Mar 15, 2014
Federal Judge Strikes Down Indefinite Detention Law
Posted on Sep 13, 2012
A temporary stop on the U.S. military’s power to imprison anyone deemed to have “substantially supported” terrorist groups was made permanent on Wednesday when U.S. District Judge Katherine Forrest ruled that journalists could be snatched up under the law.
The ruling against a provision in the 2012 National Defense Authorization Act frustrates the government’s attempts to grant itself the ability to indefinitely detain anyone it could associate with terrorist activity, including domestic protesters.
Truthdig columnist Chris Hedges had sued the Obama administration over the provision, along with journalists, scholars and political activists Noam Chomsky, Daniel Ellsberg and Naomi Wolf. Judge Forrest placed a temporary injunction on the provision in Section 1021 of the law in May.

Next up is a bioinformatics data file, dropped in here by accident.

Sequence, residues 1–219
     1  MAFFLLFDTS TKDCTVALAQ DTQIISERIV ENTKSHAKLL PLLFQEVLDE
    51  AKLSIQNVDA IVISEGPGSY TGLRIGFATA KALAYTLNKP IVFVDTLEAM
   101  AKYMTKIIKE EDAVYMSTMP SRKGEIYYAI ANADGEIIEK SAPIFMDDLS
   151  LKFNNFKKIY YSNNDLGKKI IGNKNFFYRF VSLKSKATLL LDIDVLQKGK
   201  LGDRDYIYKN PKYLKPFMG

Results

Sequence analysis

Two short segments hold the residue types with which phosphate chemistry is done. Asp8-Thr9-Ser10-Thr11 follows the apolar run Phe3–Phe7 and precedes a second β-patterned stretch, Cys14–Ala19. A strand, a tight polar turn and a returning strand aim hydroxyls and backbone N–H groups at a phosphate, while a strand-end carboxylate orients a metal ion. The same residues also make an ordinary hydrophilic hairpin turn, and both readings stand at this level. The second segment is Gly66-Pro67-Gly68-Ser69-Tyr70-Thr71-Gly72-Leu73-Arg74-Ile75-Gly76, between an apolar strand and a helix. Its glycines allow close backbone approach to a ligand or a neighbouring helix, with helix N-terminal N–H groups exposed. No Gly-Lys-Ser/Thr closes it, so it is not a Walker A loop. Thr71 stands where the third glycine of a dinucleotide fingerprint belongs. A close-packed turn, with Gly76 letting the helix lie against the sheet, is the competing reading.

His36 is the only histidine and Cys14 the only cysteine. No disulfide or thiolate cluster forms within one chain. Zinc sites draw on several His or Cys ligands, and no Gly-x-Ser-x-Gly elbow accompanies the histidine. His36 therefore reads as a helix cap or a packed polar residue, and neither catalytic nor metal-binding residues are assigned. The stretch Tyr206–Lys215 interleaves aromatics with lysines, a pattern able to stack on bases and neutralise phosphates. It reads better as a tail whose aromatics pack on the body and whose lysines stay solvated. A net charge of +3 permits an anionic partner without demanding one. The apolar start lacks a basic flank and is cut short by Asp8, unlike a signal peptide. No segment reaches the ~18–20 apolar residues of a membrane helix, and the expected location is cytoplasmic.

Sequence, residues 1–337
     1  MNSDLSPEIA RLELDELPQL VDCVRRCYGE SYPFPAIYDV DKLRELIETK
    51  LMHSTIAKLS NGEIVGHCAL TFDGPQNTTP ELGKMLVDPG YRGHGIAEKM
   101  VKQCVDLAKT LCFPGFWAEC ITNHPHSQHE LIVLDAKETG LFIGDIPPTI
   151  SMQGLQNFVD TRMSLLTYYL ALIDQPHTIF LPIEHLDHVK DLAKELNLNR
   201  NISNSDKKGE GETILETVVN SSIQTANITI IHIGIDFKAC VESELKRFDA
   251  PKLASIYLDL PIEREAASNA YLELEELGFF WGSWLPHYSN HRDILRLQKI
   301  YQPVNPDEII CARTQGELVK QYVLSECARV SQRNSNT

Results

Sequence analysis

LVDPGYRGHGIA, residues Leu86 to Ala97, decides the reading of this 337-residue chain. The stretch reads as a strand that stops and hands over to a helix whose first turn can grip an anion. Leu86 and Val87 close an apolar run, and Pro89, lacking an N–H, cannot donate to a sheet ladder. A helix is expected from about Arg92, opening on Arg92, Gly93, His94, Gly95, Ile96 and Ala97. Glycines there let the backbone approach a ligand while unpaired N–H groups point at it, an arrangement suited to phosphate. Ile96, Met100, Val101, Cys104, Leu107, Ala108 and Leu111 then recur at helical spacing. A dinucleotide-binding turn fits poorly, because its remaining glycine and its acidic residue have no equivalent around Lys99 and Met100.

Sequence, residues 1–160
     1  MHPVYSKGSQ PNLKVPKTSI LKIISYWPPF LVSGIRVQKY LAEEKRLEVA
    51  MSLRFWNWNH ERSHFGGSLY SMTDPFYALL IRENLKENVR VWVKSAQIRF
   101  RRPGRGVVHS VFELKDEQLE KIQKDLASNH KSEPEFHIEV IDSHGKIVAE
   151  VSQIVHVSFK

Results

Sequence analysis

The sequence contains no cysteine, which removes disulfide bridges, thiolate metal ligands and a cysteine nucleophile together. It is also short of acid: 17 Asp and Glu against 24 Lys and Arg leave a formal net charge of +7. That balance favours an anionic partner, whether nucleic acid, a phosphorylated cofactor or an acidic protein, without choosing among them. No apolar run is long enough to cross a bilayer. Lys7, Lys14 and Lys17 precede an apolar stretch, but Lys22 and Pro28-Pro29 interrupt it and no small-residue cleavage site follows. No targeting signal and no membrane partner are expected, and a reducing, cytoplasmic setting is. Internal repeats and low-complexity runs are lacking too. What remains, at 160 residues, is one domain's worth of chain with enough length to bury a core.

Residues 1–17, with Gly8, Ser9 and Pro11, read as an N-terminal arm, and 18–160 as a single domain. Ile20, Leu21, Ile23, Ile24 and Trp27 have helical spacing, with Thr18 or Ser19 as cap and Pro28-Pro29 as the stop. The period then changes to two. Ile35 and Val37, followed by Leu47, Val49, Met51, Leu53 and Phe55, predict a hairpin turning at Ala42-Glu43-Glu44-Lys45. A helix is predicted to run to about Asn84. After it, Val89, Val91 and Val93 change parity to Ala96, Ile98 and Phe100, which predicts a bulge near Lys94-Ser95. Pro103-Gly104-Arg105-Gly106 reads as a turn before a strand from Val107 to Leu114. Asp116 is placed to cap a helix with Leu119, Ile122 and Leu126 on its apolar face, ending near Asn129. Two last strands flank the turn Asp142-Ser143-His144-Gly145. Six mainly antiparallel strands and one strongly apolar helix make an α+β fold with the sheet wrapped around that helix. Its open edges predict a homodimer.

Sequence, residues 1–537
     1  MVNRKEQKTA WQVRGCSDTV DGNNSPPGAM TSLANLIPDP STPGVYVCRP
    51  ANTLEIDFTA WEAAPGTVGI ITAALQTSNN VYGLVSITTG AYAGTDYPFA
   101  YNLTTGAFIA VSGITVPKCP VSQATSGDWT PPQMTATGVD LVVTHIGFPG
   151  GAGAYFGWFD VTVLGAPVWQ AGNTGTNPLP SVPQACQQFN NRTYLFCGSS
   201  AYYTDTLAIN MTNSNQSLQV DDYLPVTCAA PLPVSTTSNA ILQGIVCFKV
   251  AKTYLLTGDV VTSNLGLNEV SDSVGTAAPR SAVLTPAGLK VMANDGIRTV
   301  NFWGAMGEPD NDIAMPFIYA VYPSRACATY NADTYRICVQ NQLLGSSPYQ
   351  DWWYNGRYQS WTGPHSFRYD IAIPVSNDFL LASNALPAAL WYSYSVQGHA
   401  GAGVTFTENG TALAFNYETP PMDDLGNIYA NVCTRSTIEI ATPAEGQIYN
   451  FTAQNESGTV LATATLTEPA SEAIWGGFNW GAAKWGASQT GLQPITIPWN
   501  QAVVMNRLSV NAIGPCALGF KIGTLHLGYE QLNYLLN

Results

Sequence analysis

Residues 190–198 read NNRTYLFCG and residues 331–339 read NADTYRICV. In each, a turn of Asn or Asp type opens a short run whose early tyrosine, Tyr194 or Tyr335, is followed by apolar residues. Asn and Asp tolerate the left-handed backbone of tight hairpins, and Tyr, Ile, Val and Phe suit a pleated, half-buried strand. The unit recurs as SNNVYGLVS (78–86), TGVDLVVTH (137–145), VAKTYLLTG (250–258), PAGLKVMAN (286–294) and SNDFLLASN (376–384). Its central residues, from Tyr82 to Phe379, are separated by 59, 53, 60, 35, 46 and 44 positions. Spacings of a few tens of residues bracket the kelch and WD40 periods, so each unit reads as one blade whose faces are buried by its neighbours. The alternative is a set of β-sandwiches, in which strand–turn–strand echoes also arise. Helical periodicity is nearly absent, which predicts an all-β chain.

“This court does not disagree with the principle that the president has primacy in foreign affairs,” Forrest said in Wednesday’s ruling. But government arguments in favor of the provision were not convincing, she said.
“The government has not stated that such conduct—which, by analogy, covers any writing, journalistic and associational activities that involve al Qaeda, the Taliban or whomever is deemed “associated forces”—does not fall within § 1021(b)(2).”
—Posted by Alexander Reed Kelly.
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